After checking for the completeness of the application, MOST will conduct a substantive examination of the application to determine whether it meets the requirements for patentability or for obtaining a patent or petty patent. The substantive examination for patents and petty patents is based on a search of existing technical knowledge. MOST is required by law to undertake such examination within 32 months for an invention (patent) and 12 months for a utility innovation (petty patent) from the filing date of the application or the priority date (if priority is claimed). All MOST’s expenses to examine the invention or utility innovation are charged to the applicant. In case the application has previously been subject to a search or examination by another authority (in another country) the applicant may submit a copy of that report and request that it be accepted in lieu of conducting a search in Laos.

For applications using priority dates, the relevant Lao authority only conducts a formal examination of the patent application. While the authority does not make a substantive examination, it recognizes and accepts search and examination reports from other IP offices around the world. After consideration and examination of the registration for a patent, petty patent or industrial design application, if it is considered to meet the requirements provided by the IP Law, MOST will issue a patent, petty patent or industrial design certificate.

Exception: temporary protection of inventions and utility innovations at exhibitions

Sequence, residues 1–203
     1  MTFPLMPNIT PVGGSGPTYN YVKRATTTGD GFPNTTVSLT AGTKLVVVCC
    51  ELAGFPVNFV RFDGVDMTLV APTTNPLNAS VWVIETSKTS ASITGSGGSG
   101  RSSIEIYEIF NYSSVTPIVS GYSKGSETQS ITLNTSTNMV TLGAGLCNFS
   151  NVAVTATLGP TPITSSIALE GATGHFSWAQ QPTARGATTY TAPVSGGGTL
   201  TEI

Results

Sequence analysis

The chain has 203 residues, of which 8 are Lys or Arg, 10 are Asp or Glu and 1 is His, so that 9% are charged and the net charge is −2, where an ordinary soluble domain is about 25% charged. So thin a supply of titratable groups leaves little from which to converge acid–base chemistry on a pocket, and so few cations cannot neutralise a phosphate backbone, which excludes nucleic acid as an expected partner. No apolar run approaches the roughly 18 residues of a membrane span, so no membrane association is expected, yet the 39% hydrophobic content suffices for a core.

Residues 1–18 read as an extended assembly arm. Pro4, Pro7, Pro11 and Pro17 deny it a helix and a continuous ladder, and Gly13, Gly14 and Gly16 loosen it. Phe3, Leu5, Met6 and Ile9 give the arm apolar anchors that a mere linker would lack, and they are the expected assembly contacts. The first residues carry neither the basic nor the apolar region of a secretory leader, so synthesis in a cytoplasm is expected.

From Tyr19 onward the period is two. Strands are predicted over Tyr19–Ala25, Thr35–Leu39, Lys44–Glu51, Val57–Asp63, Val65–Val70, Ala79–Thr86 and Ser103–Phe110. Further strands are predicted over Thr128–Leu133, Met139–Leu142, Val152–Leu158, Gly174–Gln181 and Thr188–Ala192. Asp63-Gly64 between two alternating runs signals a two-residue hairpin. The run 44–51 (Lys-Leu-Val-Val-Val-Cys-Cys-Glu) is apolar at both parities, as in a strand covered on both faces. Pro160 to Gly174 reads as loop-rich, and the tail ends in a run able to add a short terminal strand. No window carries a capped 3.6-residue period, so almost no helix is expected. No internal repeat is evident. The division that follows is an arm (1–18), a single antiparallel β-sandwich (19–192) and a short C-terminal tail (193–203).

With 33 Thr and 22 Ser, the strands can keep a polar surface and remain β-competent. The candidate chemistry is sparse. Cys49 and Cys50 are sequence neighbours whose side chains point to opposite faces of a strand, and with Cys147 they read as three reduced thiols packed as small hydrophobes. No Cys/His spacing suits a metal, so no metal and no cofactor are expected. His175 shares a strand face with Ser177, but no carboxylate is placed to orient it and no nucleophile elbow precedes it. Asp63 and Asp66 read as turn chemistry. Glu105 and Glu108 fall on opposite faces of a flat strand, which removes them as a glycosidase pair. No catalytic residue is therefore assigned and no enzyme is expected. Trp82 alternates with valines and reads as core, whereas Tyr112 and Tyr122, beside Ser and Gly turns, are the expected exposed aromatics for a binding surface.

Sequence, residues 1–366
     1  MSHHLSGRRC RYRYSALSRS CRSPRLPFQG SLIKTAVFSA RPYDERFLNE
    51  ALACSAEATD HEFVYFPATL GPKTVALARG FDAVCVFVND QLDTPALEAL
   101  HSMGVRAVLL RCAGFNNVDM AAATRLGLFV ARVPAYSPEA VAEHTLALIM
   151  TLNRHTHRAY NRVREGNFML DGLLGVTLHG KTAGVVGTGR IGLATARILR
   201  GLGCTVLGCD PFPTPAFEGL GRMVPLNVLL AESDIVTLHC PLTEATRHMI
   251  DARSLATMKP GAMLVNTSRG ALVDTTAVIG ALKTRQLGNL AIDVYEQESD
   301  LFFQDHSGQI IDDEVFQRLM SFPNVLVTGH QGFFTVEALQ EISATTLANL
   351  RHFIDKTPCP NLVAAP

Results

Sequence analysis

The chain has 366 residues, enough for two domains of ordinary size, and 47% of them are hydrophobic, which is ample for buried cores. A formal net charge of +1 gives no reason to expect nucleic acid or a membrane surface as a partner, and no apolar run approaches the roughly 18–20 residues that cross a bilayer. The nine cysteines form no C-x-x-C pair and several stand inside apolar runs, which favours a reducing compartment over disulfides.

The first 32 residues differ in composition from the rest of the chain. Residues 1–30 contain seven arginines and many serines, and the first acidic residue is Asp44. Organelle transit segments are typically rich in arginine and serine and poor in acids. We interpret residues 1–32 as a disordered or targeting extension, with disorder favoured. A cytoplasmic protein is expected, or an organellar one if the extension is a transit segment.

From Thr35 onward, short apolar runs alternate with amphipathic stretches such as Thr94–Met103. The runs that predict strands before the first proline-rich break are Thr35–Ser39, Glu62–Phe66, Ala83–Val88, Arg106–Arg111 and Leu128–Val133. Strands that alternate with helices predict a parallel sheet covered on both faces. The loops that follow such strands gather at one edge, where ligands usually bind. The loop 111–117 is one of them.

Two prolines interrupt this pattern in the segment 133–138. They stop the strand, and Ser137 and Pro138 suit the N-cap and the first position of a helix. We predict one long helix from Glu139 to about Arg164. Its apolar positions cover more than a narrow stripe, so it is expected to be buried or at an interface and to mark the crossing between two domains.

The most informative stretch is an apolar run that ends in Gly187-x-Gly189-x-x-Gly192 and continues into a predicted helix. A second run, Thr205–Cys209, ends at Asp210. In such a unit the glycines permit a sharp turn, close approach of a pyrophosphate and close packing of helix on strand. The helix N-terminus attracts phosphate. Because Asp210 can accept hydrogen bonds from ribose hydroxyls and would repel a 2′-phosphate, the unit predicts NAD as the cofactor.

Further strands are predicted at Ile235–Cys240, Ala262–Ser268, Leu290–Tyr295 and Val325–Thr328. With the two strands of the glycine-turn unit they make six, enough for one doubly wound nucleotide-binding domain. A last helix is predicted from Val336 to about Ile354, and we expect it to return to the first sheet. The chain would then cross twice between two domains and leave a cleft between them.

Laos offers temporary protection for inventions and utility innovations exhibited at official or officially recognized international exhibitions if a request for such protection is made and an application is filed within six months from the date on which the goods were first exhibited. If an application for goods thus protected is filed, the application will be considered as having been filed when the goods were first exhibited.

Period of protection

A patent lasts 20 years after the filing date of the application. A petty patent lasts 10 years from the filing date of the application. In order to maintain a patent or petty patent registration, an annual fee must, pursuant to the IP Law, be paid in advance every year by the right holder. The IP Law, however, does not set out the annual fees. The maintenance fees and registration fees for patents, petty patents, and industrial designs are expected to be established by guiding decrees/regulations following the promulgation of the IP Law.

Trade Secrets

Definition

A trade secret is defined as “information which is secret in the sense that it is not known among or readily accessible to persons within the circles that normally deal with the kind of information in question, such as: formula, production process, or any information, which has commercial value because it is secret.” Essentially, it is a commercially valuable piece of information that is not known, or readily ascertainable, and gives the holder an economic advantage over competitors and customers.